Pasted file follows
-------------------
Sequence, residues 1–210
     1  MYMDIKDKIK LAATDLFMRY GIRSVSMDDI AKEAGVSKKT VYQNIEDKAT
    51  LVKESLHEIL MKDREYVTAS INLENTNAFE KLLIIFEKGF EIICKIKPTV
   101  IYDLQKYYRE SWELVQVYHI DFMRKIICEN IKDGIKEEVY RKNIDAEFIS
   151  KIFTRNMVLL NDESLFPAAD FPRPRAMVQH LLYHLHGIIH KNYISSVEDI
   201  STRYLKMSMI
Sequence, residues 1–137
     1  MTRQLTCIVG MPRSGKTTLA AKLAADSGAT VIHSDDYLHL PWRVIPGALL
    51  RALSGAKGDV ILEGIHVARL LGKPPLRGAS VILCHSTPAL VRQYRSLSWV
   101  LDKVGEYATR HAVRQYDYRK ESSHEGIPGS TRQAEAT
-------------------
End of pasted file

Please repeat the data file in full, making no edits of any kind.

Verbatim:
Sequence, residues 1–210
     1  MYMDIKDKIK LAATDLFMRY GIRSVSMDDI AKEAGVSKKT VYQNIEDKAT
    51  LVKESLHEIL MKDREYVTAS INLENTNAFE KLLIIFEKGF EIICKIKPTV
   101  IYDLQKYYRE SWELVQVYHI DFMRKIICEN IKDGIKEEVY RKNIDAEFIS
   151  KIFTRNMVLL NDESLFPAAD FPRPRAMVQH LLYHLHGIIH KNYISSVEDI
   201  STRYLKMSMI
Sequence, residues 1–137
     1  MTRQLTCIVG MPRSGKTTLA AKLAADSGAT VIHSDDYLHL PWRVIPGALL
    51  RALSGAKGDV ILEGIHVARL LGKPPLRGAS VILCHSTPAL VRQYRSLSWV
   101  LDKVGEYATR HAVRQYDYRK ESSHEGIPGS TRQAEAT